Lämmel: If the goals are not achieved there must be reasons why they are not achieved. And to lead a discussion by simply writing prescriptions into a law that may not be achievable on a year-by-year basis, that’s a complete political nonsense from the outset, I have to say.
Zerback: But why are you optimistic that it is possible without legally binding targets? Because history shows that the agreed climate targets will be missed for example for the year 2020, and by clear margin.
Lämmel: Yes, well, for 2020, this was not an absolute goal – but for us 2030 is the next threshold. And all political activities are geared towards achieving the 2030 goals. Why then a rigid annual target? Somebody has to explain that to me. Imagine that you are preparing a major policy that will come into force next year that really should contribute. But you are suddenly missing last year’s annual target. That’s when this whole legal mechanism starts to kick in with immediate emergency programmes and all sorts of actionism. That is not political responsible.
Zerback: Mr. Lämmel, if I may interrupt you there again. Maybe that’s why it’s so good to have these rigid annual targets, so that if we speak again say in the year 2029 and you tell me, sorry, but it’s not possible by 2030?
Lämmel: This discussion is already underway. I have been a member of the Coal Commission. This commission has already been set up to meet this 2030 climate target.
Zerback: Yet the results of the coal commission are already been questioned by your own party, the Christian Democrats.
Lämmel: Yes, of course, because you can not outsource such decisions from the political process. Commissions and councils, as envisaged by the climate law, can make recommendations, as the coal commission has done. But they cannot make political decisions.
Zerback: But as I am now asking your professional …
Lämmel: Otherwise we would have to fundamentally change our political system if that’s what we want.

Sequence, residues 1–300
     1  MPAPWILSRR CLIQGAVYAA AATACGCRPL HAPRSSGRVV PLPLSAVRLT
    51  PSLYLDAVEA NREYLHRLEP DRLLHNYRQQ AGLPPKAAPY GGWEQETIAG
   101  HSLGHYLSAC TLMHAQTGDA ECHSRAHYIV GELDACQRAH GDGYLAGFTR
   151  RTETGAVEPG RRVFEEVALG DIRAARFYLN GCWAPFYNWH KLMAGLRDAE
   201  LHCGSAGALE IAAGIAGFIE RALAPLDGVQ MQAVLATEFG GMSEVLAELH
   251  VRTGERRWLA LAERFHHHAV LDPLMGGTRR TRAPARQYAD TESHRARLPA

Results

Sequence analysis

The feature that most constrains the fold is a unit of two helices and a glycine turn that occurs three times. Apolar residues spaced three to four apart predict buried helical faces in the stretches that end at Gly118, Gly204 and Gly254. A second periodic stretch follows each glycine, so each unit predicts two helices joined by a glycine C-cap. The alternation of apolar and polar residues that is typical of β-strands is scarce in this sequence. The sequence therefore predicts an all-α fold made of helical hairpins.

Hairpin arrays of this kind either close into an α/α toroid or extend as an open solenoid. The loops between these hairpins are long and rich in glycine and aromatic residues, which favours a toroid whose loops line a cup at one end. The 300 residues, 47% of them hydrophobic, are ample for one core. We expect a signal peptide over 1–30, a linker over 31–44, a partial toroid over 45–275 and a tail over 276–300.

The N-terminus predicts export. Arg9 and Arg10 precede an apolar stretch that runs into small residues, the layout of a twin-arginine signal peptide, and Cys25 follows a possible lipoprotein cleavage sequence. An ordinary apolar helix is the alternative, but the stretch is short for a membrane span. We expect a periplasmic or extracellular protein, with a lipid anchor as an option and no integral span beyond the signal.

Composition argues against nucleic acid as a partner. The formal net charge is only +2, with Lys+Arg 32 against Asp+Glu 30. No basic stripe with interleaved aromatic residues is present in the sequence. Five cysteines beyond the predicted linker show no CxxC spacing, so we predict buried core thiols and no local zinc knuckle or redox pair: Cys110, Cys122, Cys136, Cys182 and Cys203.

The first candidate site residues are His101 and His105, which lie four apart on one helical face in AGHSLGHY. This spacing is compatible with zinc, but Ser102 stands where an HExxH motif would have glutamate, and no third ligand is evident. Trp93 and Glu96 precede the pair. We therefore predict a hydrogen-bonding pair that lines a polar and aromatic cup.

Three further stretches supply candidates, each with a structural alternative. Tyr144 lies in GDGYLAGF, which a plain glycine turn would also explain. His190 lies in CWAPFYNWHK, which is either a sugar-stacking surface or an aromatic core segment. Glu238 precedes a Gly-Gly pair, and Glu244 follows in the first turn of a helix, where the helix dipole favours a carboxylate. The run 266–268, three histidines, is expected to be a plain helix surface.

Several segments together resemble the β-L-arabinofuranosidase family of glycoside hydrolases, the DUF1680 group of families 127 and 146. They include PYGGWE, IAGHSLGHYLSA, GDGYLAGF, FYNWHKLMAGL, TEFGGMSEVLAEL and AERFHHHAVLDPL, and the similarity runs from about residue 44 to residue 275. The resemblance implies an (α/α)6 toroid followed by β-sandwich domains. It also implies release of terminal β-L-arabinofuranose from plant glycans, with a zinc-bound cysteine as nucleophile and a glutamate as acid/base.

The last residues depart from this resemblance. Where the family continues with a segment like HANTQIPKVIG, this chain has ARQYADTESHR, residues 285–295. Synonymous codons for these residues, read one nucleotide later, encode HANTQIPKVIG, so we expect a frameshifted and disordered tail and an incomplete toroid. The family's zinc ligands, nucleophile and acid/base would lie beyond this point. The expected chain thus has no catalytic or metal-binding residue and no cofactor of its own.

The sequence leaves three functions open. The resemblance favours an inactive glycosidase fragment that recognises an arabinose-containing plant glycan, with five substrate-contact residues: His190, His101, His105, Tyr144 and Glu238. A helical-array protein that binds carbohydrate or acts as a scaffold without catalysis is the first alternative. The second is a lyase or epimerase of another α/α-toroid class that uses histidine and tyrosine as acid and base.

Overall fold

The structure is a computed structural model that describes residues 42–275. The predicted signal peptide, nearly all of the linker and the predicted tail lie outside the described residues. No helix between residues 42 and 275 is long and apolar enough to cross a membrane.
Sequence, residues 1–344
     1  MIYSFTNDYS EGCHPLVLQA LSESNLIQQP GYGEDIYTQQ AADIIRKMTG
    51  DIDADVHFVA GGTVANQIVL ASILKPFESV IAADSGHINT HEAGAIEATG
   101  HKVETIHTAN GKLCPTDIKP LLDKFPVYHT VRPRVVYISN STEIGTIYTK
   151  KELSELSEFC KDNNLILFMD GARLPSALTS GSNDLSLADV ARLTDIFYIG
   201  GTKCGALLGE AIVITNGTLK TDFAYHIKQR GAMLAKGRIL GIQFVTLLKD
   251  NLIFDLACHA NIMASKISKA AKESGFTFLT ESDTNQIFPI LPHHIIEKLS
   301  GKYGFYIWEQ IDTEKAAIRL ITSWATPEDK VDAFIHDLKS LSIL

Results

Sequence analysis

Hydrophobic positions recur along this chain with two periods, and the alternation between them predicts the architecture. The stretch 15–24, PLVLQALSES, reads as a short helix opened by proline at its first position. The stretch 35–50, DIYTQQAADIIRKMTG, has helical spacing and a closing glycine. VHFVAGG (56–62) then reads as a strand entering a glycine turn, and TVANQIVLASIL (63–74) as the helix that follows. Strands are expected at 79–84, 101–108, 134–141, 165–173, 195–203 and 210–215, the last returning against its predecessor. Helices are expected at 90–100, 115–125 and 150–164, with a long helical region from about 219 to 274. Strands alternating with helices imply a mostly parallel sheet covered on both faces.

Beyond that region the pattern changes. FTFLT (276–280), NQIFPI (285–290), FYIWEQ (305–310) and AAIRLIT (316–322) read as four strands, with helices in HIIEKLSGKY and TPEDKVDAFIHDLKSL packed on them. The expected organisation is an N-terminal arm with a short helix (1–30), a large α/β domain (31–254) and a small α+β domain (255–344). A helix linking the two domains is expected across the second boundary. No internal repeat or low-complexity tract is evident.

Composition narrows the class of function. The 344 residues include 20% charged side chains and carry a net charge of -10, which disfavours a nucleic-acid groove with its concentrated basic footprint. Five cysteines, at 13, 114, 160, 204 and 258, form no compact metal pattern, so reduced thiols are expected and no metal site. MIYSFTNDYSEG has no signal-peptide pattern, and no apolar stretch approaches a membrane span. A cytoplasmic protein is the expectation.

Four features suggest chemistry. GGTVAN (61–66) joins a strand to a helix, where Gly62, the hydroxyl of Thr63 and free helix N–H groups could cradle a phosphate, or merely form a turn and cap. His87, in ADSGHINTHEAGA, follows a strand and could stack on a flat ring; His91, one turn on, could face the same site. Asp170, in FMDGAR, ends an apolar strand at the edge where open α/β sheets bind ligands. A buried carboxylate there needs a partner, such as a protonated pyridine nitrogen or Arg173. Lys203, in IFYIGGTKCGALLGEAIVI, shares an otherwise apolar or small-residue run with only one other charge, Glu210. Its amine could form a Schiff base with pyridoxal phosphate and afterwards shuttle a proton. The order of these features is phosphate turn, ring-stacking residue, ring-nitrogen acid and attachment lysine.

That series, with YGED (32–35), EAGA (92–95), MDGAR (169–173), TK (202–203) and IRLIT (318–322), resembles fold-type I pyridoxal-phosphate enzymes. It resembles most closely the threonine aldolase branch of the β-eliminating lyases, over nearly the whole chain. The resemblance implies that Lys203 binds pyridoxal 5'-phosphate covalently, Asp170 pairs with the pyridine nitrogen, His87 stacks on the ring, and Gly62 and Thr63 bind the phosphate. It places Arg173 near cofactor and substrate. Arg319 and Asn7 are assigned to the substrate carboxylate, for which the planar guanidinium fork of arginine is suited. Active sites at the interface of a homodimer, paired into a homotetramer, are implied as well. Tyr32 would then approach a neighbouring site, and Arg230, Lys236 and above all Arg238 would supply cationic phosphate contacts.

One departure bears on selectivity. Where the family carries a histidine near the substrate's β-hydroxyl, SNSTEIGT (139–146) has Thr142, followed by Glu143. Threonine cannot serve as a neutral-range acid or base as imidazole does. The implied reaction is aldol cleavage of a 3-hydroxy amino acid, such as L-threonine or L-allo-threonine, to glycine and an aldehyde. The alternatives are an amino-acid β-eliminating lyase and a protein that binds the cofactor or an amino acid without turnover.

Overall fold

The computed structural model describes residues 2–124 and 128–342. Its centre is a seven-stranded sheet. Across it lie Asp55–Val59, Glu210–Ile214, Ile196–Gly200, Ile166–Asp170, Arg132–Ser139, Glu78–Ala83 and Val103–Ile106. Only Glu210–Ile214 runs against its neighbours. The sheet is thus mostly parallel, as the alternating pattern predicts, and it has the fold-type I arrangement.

Zerback: Excuse me, Herr Lämmel, I did not want to interrupt you too soon. But as I understand your job title, you are a politician, and you have been in the coal commission. So, where do you see …
Lämmel: Unfortunately, politicians were not entitled to vote in the coal commission. We attended, that’s right, we were also allowed to contribute to the discussion, which I have also done. But ultimately, the decisions were made by others.
Zerback: Yet the federal government agreed it its coalition agreement that there should be a climate protection law, as the environment minister has now submitted. Why are you fundamentally questioning this now?
Lämmel: I do not fundamentally question the project itself. After all, it was agreed in the coalition agreement. But I question how this draft law was published, and secondly, the mechanism of the law. Unfortunately, in the past [in socialist Eastern Germany], I had to work on five-year plans and I do not feel like doing it again.
Zerback: So you just want to talk about details, but not about the big picture?
Lämmel: No, that’s not the point. But it cannot be that one sets specific targets into law that cannot be justified in principle by anyone, but there is an overall number, that is the achievement of the overall climate goals.